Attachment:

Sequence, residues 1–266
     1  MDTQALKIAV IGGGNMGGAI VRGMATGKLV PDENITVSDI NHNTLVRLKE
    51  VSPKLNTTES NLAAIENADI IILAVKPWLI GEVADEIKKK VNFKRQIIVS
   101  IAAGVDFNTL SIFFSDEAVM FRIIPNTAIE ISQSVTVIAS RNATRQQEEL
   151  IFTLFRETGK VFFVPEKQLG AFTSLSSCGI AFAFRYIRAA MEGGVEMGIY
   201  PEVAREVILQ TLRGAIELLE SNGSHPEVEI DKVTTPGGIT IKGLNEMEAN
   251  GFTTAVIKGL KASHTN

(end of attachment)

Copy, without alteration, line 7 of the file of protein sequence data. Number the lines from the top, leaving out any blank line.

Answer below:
   251  GFTTAVIKGL KASHTN